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With ‘Shockheaded Peter,’ Jobsite embraces the dark side

Bill DeYoung



Followers of Jobsite Theater might sense a disquieting familiarity with the company’s new production, Shockheaded Peter, based on an iconic 19th century German children’s book.

It’s a dark, twisted show starring grotesquely made-up misfits and malevolents, weaving a tale – or, in this case, a series of short tales – engineered to induce as much seat-squirming as laughter and applause.

And hey, it’s a musical!

As with earlier Jobsite productions – Gorey Stories, Lizzie and The Threepenny Opera, for example, Shockheaded Peter – which debuted on the London stage in 1998is an elaborate exercise in staged weirdness, for your entertainment pleasure.

Its British creators described the show as a “junk opera.”

“It’s a cabaret, it’s a burlesque, it’s vaudeville,” says artistic director David Jenkins, who’s directing the production. “In the classical sense of burlesque, not people taking their clothes off – the darkness in it. We have people who said ‘I know how to tap dance,’ and we said ‘OK, let’s give that a shot.’

The Jobsite cast. James Zambon Photography.

“We talked early on about putting together a company of people who could do more than one thing – actors who can also sing, and also operate puppets. Actors who can sing and dance. Actors who can also play an instrument, or bring some other special skill to the table.”

The cast includes a number of Jobsite perennials, including Paul Potenza, Amy E. Gray, Colleen Cherry, Spencer Meyers and Jonathan Harrison.

Add to that impressive list a musical trio, live onstage, helmed by Florida Bjorkestra mastermind Jeremy Douglass. Between them, the three musicians play more than 20 instruments, from the standard-issue to the supremely strange.

Katrina Stevenson and Kasondra Rose are in the cast, too, spinning from suspended silks as only they can (those who saw A Midsummer Night’s Dream in 2020 experienced them in action).

“From the beginning,” Jenkins explains, “it was like ‘how do we incorporate aerial skills into the show? How many creative ways can we use these silks?’ The silks themselves become part of the environment, and they’re used, and they’re touched.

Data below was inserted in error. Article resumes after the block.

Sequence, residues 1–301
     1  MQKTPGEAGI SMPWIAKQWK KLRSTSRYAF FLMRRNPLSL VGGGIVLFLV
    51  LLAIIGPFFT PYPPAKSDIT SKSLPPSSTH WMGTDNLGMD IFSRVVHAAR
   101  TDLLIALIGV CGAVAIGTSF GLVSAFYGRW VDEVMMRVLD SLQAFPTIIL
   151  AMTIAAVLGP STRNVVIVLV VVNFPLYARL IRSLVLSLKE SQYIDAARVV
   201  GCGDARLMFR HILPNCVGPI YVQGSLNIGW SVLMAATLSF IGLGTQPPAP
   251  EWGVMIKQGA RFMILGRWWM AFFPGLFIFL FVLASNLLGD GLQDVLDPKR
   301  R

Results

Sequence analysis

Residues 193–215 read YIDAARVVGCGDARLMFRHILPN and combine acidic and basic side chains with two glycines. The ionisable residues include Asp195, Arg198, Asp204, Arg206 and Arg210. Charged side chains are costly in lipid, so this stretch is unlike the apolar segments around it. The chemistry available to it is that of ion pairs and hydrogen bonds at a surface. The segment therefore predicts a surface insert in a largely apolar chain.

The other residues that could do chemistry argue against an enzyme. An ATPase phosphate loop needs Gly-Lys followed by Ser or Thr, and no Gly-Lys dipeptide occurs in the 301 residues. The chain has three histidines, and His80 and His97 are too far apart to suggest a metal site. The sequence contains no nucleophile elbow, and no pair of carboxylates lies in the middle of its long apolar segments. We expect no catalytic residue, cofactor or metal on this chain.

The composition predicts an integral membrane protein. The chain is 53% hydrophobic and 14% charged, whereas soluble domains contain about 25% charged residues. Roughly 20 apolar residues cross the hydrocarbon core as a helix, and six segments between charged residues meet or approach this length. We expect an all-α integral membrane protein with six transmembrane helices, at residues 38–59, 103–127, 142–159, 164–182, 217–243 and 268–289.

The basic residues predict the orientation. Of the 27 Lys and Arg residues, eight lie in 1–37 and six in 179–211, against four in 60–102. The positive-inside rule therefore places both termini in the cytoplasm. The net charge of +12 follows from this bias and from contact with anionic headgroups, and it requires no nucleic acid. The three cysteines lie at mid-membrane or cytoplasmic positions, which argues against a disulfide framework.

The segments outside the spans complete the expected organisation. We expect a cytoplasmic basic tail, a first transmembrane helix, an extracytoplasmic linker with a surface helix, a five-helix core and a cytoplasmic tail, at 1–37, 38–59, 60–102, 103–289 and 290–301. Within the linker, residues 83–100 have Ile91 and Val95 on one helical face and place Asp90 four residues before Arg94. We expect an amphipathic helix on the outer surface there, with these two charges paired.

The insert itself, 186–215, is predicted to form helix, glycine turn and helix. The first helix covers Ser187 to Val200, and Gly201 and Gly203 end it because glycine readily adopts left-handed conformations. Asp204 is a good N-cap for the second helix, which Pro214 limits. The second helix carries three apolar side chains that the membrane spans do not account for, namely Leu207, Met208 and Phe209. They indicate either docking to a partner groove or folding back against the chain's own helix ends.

“We found ways to weave Katrina and Kasondra through the stories. Sometimes the two of them are showgirls. Sometimes they’re aerialists. Sometimes they’re playing characters. In one of the stories, they wear these ridiculous giant rabbit heads.

“It really is a devised piece that has been co-created as we’ve gone through.”

Written by Dr. Dr. Heinrich Hoffmann in 1844, Struwwelpeter (pronounced Strool’vel-pay-ter) is a collection of stories about misbehaving children – always a popular subject in European fairy tales – who receive, in bizarre and violent ways, their comeuppance.

The book both fascinated and horrified generations, and can be seen as the seeds for the works of auteurs from Maurice Sendak and Roald Dahl to Tim Burton and Lemony Snicket.

“There’s this whole idea that if life is not something that we should take too seriously, then maybe neither is death,” says Jenkins. “I think that when we as humans are able to sort of laugh in the face of death, or find humor, there’s something going on there that gets in the back of our lizard brains, and it’s its own kind of catharsis. I think there’s something liberating in that.”

Jenkins says he draws inspiration from the pioneering work of the Berliner Ensemble, created by Threepenny Opera playwright Bertolt Brecht and his wife, Helene Weigel, in the 1940s.

And this: “I personally have a darker bent. Growing up a goth kid, going to Rocky Horror, all these things. The theatricality of ‘70s and ‘80s metal music, and gothic music and punk music and all these things that I was really steeped in. I’m a huge fan of the horror genre. So I think maybe I’ve always been drawn to the macabre.”

Even though it doesn’t open until Friday (June 11), Shockheaded Peter is already destined for the Jobsite’s Greatest Hits album. The first weekend, and most of the second, sold out weeks in advance. The run has been extended through July 3.

“That is a great sign, I think, of life returning to the world,” enthuses Jenkins. “And a stamp of approval: ‘Jobsite’s gettin’ weird! Let’s go check that out.’”

Tickets are here.


















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